Code implementation with the implicit cursor:
DECLARE total_count number(30); BEGIN --updating a row UPDATE TUTOR SET TEACHER = 'Zen' where CODE = 1; -- result in boolean, true returned if no rows affected IF sql%notfound THEN dbms_output.put_line('no subjects fetched'); -- result in boolean, true returned if any rows affected ELSIF sql%found THEN -- count the number of rows affected rows affected total_count := sql%rowcount; dbms_output.put_line( total_count || ' teacher name updated '); END IF; END; /
The output of the above code should be:
Let us now verify the changes reflected in the table named TUTOR.
We are using a SQL statement to get the columns of the table:
SELECT * FROM TUTOR;
Thus we see that as pointed by the cursor, the name of the teacher with code = 1, gets updated to Zen.
The developers can have their own user-defined context area to run DML operations. Thus they can exercise more power over it. The declaration section of the PL/SQL block of code contains explicit cursors. It is normally built on SELECT operations that fetch multiple rows.
Syntax of explicit cursor:
DECLARE CURSOR <<cursor name>> IS <<select statement>> <<Cursor variable>> BEGIN OPEN <<cursor name>>; FETCH <<cursor name>> INTO <Cursor variable>; . . CLOSE <cursor name>; END;
Explicit Cursor works on the processes listed below:
#1) Cursor declaration for memory initialization. Here, a named context area is created which serves as a cursor name.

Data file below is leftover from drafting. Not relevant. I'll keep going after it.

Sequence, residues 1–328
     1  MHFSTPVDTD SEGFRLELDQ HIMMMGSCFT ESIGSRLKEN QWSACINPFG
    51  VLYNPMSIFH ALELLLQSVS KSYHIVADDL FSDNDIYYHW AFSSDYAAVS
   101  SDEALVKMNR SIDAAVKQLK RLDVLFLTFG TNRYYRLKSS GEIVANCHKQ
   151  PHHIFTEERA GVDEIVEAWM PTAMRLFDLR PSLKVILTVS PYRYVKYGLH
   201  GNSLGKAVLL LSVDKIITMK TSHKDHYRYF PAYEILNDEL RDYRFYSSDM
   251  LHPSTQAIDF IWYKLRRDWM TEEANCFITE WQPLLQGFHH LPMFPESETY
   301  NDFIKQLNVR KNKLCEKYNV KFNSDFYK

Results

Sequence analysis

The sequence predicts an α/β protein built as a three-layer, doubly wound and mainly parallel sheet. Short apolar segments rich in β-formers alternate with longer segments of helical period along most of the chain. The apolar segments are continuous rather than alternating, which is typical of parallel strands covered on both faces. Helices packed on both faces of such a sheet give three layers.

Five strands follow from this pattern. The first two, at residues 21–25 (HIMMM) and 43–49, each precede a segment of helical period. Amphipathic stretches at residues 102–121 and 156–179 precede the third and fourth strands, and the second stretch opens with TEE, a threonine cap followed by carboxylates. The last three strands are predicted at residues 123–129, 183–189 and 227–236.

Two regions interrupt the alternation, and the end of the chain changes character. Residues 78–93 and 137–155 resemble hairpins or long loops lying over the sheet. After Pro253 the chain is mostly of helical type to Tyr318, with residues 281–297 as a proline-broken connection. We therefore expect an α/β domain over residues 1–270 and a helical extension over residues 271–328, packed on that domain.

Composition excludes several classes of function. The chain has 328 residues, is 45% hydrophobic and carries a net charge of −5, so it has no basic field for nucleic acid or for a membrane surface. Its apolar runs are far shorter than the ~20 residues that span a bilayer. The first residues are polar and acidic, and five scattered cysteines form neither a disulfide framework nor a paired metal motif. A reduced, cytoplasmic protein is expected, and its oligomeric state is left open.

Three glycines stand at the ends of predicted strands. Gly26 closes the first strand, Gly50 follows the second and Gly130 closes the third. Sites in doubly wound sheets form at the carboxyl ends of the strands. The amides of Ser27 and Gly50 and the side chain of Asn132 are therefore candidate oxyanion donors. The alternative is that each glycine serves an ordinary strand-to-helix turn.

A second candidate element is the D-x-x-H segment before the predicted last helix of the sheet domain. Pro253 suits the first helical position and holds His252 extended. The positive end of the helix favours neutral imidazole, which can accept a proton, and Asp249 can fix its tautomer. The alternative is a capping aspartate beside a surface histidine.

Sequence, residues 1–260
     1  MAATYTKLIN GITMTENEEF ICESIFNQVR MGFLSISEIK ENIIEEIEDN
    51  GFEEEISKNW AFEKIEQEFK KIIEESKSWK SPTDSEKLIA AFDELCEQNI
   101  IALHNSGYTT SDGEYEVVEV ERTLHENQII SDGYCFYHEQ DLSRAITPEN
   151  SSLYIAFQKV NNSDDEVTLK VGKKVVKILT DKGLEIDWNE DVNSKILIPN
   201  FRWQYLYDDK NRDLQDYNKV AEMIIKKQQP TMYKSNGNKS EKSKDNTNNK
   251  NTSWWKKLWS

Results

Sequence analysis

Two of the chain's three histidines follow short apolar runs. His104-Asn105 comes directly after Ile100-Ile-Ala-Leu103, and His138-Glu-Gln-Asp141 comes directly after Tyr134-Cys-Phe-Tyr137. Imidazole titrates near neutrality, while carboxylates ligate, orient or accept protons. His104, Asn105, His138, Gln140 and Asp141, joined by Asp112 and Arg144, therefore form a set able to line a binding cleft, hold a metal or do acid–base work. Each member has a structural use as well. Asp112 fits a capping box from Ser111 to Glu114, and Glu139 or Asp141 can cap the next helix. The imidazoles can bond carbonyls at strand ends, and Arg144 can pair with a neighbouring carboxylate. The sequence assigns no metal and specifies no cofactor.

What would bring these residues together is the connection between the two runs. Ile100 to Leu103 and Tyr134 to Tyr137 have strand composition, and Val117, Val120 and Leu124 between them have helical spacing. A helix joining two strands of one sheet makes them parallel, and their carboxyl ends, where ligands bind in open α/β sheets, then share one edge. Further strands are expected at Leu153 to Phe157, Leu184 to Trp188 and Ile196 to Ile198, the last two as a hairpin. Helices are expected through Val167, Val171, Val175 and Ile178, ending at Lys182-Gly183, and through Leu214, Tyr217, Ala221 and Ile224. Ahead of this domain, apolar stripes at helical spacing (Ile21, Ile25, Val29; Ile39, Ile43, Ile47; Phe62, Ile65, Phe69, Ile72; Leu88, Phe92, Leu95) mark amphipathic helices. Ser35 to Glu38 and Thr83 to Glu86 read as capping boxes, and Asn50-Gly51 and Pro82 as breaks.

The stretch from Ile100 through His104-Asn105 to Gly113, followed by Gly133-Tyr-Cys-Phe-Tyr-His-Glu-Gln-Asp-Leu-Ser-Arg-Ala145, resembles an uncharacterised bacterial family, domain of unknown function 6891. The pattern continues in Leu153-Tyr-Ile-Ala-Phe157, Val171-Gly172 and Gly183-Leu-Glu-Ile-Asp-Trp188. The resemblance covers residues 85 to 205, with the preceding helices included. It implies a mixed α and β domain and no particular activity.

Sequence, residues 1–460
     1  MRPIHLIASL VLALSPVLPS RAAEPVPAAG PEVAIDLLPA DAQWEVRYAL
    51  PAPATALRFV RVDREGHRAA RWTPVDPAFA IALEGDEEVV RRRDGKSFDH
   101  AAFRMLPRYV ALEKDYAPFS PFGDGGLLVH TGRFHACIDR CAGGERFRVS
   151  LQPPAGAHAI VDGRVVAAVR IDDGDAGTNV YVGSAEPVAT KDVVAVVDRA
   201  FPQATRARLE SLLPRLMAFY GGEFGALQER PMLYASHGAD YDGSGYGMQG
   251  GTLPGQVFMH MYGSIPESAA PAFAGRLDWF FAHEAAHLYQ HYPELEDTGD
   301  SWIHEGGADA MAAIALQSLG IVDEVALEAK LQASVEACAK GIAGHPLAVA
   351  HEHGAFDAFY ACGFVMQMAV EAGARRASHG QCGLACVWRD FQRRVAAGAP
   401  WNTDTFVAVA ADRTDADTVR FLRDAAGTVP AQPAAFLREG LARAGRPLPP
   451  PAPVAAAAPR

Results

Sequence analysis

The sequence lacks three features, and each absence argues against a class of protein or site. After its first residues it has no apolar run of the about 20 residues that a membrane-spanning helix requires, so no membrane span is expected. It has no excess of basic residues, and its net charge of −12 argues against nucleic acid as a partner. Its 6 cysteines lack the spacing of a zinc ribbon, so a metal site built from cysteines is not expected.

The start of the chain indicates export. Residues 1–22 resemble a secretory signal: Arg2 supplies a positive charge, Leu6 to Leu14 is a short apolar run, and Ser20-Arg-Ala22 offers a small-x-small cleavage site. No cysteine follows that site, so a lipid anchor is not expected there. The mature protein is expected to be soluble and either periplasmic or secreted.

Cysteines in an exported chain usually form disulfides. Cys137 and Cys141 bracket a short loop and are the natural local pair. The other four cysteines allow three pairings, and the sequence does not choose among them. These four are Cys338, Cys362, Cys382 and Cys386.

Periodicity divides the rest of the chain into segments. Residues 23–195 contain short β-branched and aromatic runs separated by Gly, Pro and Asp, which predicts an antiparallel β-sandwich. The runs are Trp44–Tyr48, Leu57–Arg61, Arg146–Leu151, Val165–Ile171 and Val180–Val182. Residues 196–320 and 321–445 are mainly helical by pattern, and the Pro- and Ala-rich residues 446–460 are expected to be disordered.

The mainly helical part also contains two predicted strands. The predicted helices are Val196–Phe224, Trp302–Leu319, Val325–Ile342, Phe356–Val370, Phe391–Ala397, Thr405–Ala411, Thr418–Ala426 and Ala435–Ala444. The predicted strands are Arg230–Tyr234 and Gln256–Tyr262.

CURSOR tutorial_s IS SELECT code FROM TUTORIAL;
#2) Cursor opening for memory allocation. A cursor is now available for fetching the updated rows from the database.
#3) Cursor is fetched for getting the data. After the SELECT operation is done, the rows obtained are put in the memory allocated and these are now considered as active sets. The cursor can access one row at a time.
FETCH tutorial_s INTO c_code;
#4) Cursor is finally closed to free the allocated memory. As all the records are obtained one by one, the cursor is closed to release context area memory.
Code implementation with explicit cursor:
DECLARE -- cursor declaration CURSOR t_tutorials is SELECT code, subject, teacher FROM Tutor; t_code Tutor.code%type; t_subject Tutor.subject%type; t_teacher Tutor.teacher%type; BEGIN -- opening a cursor OPEN t_tutorials; LOOP -- fetching values from cursor FETCH t_tutorials into t_code, t_subject, t_teacher; EXIT WHEN t_tutorials%notfound; -- printing in console dbms_output.put_line('Code is: ' || t_code || ' ' || 'Subject is: ' || t_subject || ' Teacher is: ' || t_teacher); END LOOP; CLOSE t_tutorials; END; /
The output of the above code should be:
Cursor For Loop
While working with explicit cursors, we can use FOR loop instead of using statements like FETCH, OPEN, and CLOSE. Cursor FOR Loop has the loop index as a record which points to the row obtained from the database. Next after opening the cursor, it fetches the multiple rows of data repeatedly from the result set into the record fields.
Finally, the cursor is closed after all the rows are obtained. We use a dot (.) sign to refer to each field in the record. (.) dot sign is actually used for selecting a component.
The syntax for Cursor For loop:
DECLARE CURSOR c IS SELECT code, subject, price FROM Tutorial; ... BEGIN FOR Tutorial_rec IN c LOOP ... price_sum:= price_sum + Tutorial_rec.price; END LOOP;
Here, the Cursor FOR loop declares ‘Tutorial_rec’ as a record.